This is what an e-scooter pack looks like in the wild.Image: shutterstock.com
The city of Zurich is thinking loudly about new rules for e-scooters. She relies on ideas that work in Bern. It is about accident prevention and “public order”.
01/21/2022, 10:37 am01/21/2022, 12:16 p.m
Spring will be back in almost exactly two months and will give us what we all love so much: warmer temperatures, sunnier days and therefore better conditions for zipping around on a bike or scooter. In the cities, however, the milder season also brings disadvantages: the rentable e-scooters will be seen everywhere, even where they don’t belong.
They occupy bicycle parking spaces, lie across sidewalks and are misused to race through busy pedestrian zones. The city of Zurich will now take action against this: the authorities have started a “pilot project” with the official aim of “gaining experience in the management of e-scooters”. But what the city is really about is getting the e-scooter proliferation under control.
For some time now, e-scooters have been slowed down to three to five kilometers per hour – that’s about walking pace as soon as a scooter enters a defined perimeter. An SRF report cites Zurich’s Niederdorf or the Altstadt district as examples of where the location-based speed reduction takes place.
There are also other ideas such as “preferred parking areas”: If you rent an e-scooter, you should park it in the right place later. They should either be marked with visual street signs like bicycle parking spaces or be visible on the app of the e-scooter provider. “Here, too, the aim is to gain experience on how order in public space can be improved,” says Nadja Häberli, Communications Officer for the City of Zurich.
Bern has experience with scooter rules
In their statements, the city administration always speaks of “gaining experience”. However, the ideas are pretty much reminiscent of the rules that already apply in the federal city: unlike Zurich, Bern reacted proactively to the expected flood of scooters two years ago. “Experiences from foreign cities showed us that the providers will also appear in Switzerland at some point,” recalled the Bern traffic planner Karl Vogel. The federal city used its right to regulate the rental scooter market without any change in the law: Anyone who wanted to offer the equipment in public places (the technical term for this: “increased public use”) needed a permit.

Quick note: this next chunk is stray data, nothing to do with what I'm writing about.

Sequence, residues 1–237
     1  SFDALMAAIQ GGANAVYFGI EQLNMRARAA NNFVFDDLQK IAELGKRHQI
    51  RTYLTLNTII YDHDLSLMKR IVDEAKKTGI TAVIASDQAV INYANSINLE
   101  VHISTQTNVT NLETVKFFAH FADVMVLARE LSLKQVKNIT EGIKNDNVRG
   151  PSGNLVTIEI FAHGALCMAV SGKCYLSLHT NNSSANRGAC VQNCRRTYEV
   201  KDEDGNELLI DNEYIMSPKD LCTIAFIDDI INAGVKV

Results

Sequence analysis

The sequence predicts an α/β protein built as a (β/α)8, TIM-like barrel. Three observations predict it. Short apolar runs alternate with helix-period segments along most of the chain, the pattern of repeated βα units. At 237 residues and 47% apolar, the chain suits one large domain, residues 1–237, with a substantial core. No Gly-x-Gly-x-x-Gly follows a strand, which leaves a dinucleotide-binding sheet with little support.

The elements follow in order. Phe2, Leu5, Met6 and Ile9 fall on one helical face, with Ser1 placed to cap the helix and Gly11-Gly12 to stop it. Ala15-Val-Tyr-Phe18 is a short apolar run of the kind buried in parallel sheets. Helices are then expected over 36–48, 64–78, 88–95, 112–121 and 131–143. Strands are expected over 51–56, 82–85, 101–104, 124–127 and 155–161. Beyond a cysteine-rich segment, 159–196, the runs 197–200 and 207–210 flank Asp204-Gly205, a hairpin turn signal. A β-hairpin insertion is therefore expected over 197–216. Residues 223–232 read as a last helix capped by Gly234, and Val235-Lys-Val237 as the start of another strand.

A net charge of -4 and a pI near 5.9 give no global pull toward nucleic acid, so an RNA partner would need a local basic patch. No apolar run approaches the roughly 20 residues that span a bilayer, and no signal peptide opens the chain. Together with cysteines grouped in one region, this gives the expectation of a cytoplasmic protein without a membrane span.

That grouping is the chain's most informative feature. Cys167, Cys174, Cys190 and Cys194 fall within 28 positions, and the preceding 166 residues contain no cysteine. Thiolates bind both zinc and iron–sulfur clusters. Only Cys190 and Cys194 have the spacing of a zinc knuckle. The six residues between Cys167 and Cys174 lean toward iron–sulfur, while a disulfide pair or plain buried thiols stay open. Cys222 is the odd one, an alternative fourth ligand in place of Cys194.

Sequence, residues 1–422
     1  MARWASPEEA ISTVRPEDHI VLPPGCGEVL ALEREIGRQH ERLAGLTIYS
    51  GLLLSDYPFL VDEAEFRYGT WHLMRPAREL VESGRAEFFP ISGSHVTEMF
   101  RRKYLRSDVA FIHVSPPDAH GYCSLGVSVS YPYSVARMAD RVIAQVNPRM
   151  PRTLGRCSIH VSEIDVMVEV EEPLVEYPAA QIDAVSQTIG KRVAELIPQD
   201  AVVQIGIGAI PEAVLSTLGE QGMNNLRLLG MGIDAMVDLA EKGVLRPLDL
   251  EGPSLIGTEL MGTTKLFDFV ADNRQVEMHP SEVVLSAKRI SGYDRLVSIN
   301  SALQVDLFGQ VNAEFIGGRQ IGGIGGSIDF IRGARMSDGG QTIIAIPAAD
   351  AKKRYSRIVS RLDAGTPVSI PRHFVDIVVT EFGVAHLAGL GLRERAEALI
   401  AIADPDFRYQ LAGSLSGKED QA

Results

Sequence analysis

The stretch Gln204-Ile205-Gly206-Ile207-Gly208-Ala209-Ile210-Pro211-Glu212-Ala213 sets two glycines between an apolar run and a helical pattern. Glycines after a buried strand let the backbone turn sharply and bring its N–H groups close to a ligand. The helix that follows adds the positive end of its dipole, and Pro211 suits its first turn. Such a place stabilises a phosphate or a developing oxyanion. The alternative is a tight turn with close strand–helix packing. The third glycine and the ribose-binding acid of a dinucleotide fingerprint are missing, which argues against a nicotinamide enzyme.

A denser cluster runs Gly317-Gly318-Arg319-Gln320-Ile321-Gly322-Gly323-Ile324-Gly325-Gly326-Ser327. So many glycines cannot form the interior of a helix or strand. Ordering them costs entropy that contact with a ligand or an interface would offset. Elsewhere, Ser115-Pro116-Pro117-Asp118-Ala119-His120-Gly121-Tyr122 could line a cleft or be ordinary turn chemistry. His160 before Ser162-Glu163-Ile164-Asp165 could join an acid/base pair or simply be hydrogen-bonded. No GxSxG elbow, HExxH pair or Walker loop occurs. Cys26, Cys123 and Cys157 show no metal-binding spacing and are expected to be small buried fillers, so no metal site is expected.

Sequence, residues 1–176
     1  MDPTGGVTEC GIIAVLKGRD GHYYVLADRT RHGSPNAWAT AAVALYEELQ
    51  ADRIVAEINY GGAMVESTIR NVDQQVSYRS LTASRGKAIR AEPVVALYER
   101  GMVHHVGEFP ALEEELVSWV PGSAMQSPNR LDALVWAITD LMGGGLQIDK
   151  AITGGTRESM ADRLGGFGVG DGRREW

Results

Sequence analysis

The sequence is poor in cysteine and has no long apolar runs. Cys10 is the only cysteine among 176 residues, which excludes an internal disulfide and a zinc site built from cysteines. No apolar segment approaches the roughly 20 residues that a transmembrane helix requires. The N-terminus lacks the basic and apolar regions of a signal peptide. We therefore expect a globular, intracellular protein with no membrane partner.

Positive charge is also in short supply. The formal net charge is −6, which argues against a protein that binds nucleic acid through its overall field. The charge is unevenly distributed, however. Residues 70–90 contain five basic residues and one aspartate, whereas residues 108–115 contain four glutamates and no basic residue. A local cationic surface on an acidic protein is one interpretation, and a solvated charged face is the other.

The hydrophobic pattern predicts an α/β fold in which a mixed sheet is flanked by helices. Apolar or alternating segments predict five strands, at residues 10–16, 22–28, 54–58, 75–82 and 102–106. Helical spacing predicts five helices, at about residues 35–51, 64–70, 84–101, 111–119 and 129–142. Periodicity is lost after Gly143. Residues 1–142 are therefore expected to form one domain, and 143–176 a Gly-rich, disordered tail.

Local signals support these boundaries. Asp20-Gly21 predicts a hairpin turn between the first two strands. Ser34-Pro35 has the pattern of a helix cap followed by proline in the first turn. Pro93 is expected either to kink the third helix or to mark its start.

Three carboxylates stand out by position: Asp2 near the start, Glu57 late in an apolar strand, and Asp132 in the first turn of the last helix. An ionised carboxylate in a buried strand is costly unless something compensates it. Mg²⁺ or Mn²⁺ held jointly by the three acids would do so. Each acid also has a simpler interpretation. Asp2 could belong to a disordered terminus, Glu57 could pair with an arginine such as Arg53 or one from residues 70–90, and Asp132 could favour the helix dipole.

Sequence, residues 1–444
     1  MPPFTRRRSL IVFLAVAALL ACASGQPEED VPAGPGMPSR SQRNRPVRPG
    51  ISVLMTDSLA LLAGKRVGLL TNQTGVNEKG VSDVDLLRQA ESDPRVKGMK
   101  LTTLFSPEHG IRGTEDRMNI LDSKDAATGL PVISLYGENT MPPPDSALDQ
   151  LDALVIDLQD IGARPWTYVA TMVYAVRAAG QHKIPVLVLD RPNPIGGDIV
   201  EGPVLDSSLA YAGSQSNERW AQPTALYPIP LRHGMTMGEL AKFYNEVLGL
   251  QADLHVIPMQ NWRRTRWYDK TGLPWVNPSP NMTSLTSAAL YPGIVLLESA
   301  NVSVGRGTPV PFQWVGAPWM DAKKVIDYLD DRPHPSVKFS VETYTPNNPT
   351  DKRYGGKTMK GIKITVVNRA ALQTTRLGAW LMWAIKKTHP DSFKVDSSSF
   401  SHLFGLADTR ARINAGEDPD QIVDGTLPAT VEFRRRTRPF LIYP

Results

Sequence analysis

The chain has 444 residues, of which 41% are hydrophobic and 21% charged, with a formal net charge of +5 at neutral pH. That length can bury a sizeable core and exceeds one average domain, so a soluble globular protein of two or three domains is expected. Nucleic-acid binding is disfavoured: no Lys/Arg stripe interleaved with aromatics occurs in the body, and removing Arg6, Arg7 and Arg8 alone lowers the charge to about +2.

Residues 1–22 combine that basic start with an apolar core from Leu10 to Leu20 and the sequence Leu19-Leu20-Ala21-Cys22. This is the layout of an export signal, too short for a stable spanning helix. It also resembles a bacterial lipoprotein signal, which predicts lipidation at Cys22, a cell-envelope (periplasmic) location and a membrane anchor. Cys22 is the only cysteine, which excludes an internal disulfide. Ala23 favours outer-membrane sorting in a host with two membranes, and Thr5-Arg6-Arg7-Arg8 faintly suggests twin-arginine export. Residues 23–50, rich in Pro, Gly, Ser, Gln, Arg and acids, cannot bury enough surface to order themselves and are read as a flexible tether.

Bern therefore limited the number of e-scooters to 250, with a maximum of one fifth being allowed to be present in the city center on average. There were also parking bans, for example near the train station, to keep bicycle parking spaces free, and special zones where driving was prohibited or slowed down. In other words: Bern already knows the rules that are now being examined. “The rules work well,” says Bern’s urban traffic planner. However, Vogel’s department is ready to share Bern’s experience at any time.
Helmets are compulsory in Denmark since 2022
However, a more recent look abroad shows that the screw could be tightened not only in Zurich, but also in Bern when it comes to e-scooters: Suva published last Sunday that there were around 2,400 accidents with e-scooters last year there’s war. Almost half of the accidents happen at dusk or during the night hours. The data relates not only to rental scooters, but also to private e-scooters, which department stores have been offering for some time at reasonable prices.
Stricter regulations for e-scooters are already being considered abroad. Denmark is introducing a helmet requirement at the beginning of the year. The rental company Voi regretted this radical decision and tried to prevent it on its own responsibility: Voi gave discounts to customers who wore a helmet when using e-scooters. But it didn’t do any good: anyone who travels dangerously – i.e. without a helmet, drunk or in pairs – pays the equivalent of between 90 and 120 francs in fines in Denmark.
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